Editorial: Holiday Fund 'makes dreaming big possible'It may not seem like much in the big picture of budget crises and political debates, but it's often the little things in life that truly count. Like kids.
To fourth-grade teacher Sarah Milo of the East Palo Alto Charter School two small grants have made a big difference: A $200 "new teacher" grant last year bought basic classroom supplies and a whiteboard, and a $500 grant this year bought a projector so children could share and critique their art projects as a class.
The grants "make dreaming big possible," she says of the benefit to her students, in a short video on www.PaloAltoOnline.com.
Both grants came from the East Palo Alto Kids Foundation, an all-volunteer organization that has received grants from the Weekly's Holiday Fund for all the fund's 17 years.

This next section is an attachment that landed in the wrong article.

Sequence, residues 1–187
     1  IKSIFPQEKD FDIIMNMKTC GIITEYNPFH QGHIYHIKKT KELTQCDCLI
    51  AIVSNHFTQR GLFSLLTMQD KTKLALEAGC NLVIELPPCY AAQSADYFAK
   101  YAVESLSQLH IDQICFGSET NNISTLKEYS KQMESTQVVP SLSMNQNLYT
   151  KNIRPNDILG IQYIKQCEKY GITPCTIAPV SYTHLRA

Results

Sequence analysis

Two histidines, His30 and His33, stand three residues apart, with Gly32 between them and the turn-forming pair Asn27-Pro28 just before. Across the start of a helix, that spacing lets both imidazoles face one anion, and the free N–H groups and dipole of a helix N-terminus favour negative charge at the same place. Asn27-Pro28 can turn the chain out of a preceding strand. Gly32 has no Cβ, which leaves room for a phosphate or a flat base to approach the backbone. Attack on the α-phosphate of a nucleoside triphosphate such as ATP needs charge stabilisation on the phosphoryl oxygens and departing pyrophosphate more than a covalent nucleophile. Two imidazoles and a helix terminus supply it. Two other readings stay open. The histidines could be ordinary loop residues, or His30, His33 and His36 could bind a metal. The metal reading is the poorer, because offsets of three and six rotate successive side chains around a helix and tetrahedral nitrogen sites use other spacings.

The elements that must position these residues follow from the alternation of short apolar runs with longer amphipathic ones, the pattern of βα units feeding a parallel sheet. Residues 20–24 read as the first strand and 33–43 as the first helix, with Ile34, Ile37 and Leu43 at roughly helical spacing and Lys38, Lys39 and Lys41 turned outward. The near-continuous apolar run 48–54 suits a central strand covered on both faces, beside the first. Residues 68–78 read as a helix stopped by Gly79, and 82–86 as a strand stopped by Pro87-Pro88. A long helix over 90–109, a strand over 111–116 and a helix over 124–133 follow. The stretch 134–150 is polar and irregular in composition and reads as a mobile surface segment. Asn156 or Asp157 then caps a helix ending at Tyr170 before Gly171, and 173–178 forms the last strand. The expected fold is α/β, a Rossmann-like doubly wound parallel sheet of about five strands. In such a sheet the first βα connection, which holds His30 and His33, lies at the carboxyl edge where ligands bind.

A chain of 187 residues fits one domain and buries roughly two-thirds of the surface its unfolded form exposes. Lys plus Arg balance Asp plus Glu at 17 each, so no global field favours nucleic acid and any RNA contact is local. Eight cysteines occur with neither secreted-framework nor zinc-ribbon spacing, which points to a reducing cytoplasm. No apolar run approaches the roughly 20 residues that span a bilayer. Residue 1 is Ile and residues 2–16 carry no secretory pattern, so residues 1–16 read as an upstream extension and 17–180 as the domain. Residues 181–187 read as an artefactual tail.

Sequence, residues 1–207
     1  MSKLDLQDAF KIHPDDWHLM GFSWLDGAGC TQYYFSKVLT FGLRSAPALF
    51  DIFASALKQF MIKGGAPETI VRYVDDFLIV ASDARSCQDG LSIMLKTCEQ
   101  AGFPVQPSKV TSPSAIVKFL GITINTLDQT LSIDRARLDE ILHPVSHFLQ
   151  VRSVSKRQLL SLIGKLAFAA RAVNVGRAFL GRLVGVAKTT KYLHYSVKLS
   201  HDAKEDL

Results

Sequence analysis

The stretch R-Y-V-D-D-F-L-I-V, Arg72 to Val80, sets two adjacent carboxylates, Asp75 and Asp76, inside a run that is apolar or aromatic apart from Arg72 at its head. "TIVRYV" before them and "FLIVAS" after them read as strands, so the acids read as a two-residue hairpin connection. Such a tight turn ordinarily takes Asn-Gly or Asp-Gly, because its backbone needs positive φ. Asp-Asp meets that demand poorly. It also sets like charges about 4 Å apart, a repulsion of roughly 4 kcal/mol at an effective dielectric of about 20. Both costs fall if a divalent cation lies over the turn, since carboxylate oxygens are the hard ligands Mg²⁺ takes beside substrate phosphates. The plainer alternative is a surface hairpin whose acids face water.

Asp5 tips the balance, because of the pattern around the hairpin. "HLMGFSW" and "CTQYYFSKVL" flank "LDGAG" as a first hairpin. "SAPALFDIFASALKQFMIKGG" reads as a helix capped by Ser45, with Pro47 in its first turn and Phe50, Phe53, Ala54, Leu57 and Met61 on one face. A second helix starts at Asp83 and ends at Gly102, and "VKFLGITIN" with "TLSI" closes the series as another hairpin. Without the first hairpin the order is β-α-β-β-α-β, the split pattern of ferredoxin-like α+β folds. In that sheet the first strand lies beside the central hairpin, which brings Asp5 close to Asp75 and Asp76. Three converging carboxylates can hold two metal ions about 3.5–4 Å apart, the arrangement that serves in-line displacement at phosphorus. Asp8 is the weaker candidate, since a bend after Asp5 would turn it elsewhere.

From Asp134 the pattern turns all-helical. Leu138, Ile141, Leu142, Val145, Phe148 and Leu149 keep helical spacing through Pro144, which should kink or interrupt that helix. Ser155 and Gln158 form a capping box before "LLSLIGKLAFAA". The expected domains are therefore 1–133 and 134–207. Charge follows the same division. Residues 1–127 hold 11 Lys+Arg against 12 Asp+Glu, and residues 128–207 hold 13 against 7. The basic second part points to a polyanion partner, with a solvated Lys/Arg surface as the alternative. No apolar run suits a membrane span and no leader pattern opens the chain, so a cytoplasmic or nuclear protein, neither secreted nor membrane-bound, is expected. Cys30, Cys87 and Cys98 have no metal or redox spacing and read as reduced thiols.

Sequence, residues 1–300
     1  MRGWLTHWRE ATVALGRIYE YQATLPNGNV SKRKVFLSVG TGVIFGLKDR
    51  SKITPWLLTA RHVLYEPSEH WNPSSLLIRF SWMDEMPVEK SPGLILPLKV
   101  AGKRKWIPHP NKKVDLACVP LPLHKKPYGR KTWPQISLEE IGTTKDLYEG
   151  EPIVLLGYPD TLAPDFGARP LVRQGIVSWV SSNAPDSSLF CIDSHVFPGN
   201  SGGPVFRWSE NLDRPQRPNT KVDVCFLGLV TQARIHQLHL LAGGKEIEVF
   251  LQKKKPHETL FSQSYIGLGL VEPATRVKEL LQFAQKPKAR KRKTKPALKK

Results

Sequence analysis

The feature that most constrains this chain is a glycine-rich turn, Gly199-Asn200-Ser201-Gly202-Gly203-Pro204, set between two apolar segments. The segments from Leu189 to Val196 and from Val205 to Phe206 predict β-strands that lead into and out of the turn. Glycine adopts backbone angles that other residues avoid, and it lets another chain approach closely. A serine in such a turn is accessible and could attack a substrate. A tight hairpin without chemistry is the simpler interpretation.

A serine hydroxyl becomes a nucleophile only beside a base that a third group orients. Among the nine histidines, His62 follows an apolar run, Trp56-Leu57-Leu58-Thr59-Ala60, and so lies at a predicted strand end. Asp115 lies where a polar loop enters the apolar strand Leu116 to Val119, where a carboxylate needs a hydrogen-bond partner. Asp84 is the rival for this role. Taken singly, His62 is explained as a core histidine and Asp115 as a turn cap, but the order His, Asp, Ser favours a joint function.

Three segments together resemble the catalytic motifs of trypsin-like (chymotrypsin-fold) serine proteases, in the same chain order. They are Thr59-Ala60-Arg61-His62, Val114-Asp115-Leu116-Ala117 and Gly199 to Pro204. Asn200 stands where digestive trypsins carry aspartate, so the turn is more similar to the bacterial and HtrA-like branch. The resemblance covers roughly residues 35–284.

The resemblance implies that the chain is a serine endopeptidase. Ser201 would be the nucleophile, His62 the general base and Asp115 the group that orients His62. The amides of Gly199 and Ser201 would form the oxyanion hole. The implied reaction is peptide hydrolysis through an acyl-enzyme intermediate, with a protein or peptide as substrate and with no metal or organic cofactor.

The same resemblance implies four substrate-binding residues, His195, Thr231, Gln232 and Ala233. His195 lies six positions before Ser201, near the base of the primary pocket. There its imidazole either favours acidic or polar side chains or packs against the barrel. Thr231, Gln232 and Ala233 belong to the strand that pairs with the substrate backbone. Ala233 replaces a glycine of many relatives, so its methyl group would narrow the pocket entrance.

Teachers "are true role models ... that instill the love of learning in the kids, and show them that college is possible," Kids Foundation President Laura Roberts adds. Being all-volunteer means there is limited time for paperwork-heavy grant-seeking, and sources such as the Holiday Fund are key.
"For us it's been wonderful to have a supporter in the community that we can count on year after year," she said, echoing scores of other comments from grant recipients.
This year's Holiday Fund runs through January. This year's goal of $275,000 is a stretch from last year's $240,000 total, especially during a difficult economy.
Yet in terms of value, both human and financial, there is no better investment. All grants benefit children and families, and the Weekly absorbs overhead costs — so 100 percent of every donation goes to grants, and matching funds double the value of the donations. Please stretch with us.